Board Certified Family Law Specialist Matt Arnold answers the question: “What can I do to gain custody of my child in North Carolina?”
When it comes to custody issues during and after a divorce, it can be very hard for families to navigate the complexities of two parents, two homes and multiple opposing ideas of what is right. One of the most difficult custody issues to resolve is when one parent decides to relocate out-of-state, something that forces a court to upend the previously agreed to parenting plan.
Board Certified Family Law Specialist Matt Arnold answers the question: ” Is there some property that the judge cannot divide?”
Divorce is tough for almost everyone, but the Stephensons are having a particularly long and tumultuous time of it—with an emphasis on long. The multimillionaire founder of private hospital network Cancer Treatment Centers of America and his wife are now in their seventh year of divorce court and have finally reached the trial stage after failing to reach a settlement privately.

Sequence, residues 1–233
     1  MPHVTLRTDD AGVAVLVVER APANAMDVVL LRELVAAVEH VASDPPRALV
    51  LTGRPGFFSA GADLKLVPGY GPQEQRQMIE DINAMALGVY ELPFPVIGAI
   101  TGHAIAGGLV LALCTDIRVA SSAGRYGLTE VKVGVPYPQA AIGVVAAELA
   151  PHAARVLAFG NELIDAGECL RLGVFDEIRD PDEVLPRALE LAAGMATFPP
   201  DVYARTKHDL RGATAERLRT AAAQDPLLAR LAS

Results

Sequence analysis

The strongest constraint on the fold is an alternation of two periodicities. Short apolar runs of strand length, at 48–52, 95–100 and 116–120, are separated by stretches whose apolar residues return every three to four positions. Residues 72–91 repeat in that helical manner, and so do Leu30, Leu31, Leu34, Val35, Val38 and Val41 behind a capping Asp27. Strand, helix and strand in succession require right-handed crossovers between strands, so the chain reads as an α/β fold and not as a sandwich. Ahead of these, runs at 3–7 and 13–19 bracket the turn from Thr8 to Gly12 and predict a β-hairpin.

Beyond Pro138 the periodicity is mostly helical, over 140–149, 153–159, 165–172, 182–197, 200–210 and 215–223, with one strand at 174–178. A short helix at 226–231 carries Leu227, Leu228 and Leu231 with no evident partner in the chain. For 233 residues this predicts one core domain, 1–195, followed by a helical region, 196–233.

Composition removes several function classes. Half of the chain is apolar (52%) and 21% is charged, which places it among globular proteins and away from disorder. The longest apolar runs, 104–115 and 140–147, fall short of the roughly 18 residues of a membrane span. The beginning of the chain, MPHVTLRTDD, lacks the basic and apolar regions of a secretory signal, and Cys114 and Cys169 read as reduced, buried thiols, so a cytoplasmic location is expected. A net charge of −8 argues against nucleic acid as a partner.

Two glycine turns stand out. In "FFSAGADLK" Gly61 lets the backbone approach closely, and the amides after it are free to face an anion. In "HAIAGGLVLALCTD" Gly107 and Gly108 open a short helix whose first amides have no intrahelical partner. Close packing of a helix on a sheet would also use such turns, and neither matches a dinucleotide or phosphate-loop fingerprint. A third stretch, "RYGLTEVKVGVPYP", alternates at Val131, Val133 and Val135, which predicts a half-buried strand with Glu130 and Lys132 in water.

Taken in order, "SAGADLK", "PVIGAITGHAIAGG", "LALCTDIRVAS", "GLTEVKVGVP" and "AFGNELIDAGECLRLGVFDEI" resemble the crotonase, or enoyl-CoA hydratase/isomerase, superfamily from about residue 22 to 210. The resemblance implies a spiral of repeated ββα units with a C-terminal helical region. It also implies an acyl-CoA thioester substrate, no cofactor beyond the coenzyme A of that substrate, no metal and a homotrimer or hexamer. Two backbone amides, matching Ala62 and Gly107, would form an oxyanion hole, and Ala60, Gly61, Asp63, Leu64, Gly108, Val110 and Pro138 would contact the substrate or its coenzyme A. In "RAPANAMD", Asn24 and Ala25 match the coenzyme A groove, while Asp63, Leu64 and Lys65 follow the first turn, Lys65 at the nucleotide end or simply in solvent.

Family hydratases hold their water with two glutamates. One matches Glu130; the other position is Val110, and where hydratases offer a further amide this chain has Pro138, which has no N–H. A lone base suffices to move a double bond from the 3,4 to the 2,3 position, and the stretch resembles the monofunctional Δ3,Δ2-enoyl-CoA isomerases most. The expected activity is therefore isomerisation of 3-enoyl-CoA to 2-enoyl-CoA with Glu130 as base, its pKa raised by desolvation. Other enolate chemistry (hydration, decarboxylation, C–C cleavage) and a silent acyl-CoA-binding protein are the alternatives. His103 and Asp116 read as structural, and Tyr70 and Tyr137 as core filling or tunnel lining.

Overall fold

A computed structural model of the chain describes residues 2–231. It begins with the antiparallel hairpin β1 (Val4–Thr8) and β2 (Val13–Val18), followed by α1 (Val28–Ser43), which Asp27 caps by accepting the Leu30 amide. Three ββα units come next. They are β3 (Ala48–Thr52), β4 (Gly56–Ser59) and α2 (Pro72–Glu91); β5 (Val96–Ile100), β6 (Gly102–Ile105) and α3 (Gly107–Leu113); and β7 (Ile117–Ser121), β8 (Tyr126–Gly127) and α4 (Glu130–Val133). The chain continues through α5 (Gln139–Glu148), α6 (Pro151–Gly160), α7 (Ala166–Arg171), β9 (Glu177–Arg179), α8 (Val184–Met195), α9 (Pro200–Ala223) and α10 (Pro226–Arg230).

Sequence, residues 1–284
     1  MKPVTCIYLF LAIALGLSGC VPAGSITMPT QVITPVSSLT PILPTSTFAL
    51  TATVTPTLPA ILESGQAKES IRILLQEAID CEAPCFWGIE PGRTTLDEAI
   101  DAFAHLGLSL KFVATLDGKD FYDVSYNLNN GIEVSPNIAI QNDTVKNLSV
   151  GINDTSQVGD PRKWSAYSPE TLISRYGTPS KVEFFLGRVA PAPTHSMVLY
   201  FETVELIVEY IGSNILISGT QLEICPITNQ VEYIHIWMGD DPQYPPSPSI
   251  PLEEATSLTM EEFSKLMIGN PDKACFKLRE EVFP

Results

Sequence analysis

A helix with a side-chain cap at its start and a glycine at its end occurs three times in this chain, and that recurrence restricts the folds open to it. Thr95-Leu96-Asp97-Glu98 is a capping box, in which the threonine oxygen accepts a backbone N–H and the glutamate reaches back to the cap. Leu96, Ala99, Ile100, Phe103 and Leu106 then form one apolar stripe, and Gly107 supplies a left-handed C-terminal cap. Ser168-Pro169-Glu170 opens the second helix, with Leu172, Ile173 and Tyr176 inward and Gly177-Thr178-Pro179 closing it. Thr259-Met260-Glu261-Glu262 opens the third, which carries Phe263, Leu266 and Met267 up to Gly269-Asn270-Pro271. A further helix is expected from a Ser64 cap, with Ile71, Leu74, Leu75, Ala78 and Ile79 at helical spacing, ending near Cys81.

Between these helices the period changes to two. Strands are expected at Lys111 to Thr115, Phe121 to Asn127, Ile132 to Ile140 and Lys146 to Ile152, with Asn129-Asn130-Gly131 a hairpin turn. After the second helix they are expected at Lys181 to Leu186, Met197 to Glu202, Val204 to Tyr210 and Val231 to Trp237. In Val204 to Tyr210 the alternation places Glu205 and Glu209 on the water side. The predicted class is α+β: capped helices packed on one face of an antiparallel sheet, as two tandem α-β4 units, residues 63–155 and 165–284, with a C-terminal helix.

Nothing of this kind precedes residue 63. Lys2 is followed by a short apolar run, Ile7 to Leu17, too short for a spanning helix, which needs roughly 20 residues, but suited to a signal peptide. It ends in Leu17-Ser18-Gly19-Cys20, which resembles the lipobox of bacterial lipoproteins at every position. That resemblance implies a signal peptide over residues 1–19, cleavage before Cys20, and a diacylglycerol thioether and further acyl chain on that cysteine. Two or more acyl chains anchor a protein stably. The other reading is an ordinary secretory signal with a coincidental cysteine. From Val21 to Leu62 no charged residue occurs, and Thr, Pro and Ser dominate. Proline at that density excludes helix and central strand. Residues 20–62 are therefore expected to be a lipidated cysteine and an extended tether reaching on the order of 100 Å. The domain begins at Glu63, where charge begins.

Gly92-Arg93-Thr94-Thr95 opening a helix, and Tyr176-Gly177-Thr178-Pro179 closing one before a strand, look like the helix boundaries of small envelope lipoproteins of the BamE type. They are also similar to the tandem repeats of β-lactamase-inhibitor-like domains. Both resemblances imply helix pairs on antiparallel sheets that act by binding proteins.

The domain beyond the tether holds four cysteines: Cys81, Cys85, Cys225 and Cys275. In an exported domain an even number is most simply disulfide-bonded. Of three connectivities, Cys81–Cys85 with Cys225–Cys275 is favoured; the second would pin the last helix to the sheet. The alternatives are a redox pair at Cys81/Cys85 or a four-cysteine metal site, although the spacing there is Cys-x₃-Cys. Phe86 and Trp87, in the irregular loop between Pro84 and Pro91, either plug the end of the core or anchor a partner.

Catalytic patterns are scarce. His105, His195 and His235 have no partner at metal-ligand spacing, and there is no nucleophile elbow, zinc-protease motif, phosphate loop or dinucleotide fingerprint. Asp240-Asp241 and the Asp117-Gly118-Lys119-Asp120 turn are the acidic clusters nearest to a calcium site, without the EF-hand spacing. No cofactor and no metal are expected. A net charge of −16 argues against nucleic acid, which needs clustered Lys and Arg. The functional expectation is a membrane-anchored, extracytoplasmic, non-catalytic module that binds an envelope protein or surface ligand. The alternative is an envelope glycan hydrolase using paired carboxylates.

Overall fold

Board Certified Family Law Specialist Matt Arnold answers the question: “What happens when a person’s income is not guaranteed and fluctuates from year to year”.
Everyone knows it can be contentious trying to reach a mutually agreeable divorce settlement. The parties often have completely opposite interests and view the divorce division of assets as a zero sum game. Given this competition over finite resources, it isn’t surprising to see couples bickering over even minor assets, making sure in each case that they are getting their fair share.
Charlotte Divorce Attorney Matthew R. Arnold of Arnold & Smith, PLLC answers the question “What does a “No-Fault’ divorce mean in NC?”
It is exceptionally rare for a divorce settlement, once finalized, to be thrown out. But that’s exactly what happened in the case of Terrence Howard, who convinced a California superior court judge to toss the settlement reached with Howard’s second wife Michelle Ghent. That divorce was signed and finalized in 2012, making the decision all the more remarkable for reopening a divorce long since closed.
Charlotte Divorce Attorney Matthew R. Arnold of Arnold & Smith, PLLC answers the question “Can I get the judge to order my spouse to pay my attorney’s fees in a property division case?”
Twenty-five year marriage? Try a twenty-five year divorce.
Wall Street billionaire Steve Cohen is fending off claims from his Manhattan book editor ex-wife, Patricia, who sued the former SAC Capital Advisors, LP honcho in 2009, alleging he misled her about a supposedly failing real estate deal and cheated her out of $2.75 million.